The Law Council considers that the Government’s proposal, Attorney- General Department’s “Modern Slavery in Supply Chains Reporting Requirement: Public Consultation Paper and Regulation Impact Statement”, requires two important changes if it is to achieve its objective of identifying and addressing modern slavery in supply chains. First, the revenue threshold for entities required to report should be lowered from $100 million, to an amount no higher than $60 million. This would promote consistency with the UK MSA. Second, the Law Council recommends that penalties for non-compliance with the reporting requirements be introduced. The Law Council considers that without penalties, a mandatory reporting requirement is rendered merely aspirational, as there is no enforcement mechanism, nor any consequence for non-compliance. In any case, the legislation should still include appropriate compliance drivers. For example, the Government could consider making it a term of Government contracts that any reporting entity with whom the Government contracts is required to have submitted all relevant Modern Slavery Statements, and publishing a list of non-compliant entities after the deadline for reporting has elapsed.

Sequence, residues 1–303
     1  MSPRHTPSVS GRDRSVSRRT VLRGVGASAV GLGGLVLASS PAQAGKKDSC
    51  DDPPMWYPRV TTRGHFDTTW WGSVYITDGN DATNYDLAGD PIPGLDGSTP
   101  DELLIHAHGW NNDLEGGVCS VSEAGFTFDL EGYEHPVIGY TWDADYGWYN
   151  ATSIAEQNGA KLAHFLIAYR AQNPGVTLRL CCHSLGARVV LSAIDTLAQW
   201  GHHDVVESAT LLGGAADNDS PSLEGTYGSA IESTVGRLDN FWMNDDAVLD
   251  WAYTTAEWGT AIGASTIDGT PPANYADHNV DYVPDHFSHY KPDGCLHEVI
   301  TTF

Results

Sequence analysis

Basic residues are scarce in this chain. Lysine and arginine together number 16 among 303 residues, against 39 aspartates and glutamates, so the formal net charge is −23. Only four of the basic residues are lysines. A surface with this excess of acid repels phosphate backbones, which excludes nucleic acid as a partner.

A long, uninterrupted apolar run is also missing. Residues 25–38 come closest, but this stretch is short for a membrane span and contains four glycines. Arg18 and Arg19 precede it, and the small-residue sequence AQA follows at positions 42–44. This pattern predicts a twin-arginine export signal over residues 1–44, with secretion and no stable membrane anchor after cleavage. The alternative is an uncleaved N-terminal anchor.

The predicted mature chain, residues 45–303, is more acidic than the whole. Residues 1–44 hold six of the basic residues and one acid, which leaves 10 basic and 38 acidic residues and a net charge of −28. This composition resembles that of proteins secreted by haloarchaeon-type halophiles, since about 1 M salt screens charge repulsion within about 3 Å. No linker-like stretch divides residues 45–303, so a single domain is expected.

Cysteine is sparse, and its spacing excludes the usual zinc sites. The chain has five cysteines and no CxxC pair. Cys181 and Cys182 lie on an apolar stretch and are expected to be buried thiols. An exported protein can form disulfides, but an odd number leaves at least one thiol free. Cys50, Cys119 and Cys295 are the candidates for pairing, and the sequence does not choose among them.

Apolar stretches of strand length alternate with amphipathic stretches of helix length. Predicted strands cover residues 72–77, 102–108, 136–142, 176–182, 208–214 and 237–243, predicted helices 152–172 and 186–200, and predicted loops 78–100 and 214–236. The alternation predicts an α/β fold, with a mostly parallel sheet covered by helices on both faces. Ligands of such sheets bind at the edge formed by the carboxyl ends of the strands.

Modern Slavery in Supply Chains Reporting Requirement DOWNLOAD














A stitch in time saved none: How fashion brands fueled violence in the factory and beyond

This study documents women garment workers’ experiences of gender- based violence and harassment (GBVH) in the wake of the COVID-19 pandemic in Asian production countries. It elaborates “economic harm” as a form of GBVH, underscoring how the b...Read More

Normative Framework Guide: Responsibility of Businesses Concerning Human Rights, Labour Exploitation and Human Trafficking

This normative framework guide provides a summarized overview of existing legal frameworks outlining businesses’ responsibilities with regard to human rights, with a focus on labour exploitation and trafficking in human beings. Various legal frame...Read More

Regional Overview – Sexual Exploitation of Children Middle East and North Africa

This Regional Overview on the sexual exploitation of children (SEC) in the Middle East and North Africa (MENA), consolidates the relevant existing data to map the context, risk factors, region-specific issues, responses and gaps in the fight against...Read More

Organising precarious workers in the Global South

The workers of the world face numerous challenges. Many debates around the future of labour, such as the rise of the so called ‘gig economy’, tend to focus on experiences and trends within the Global North. The shortcomings of the present are of...Read More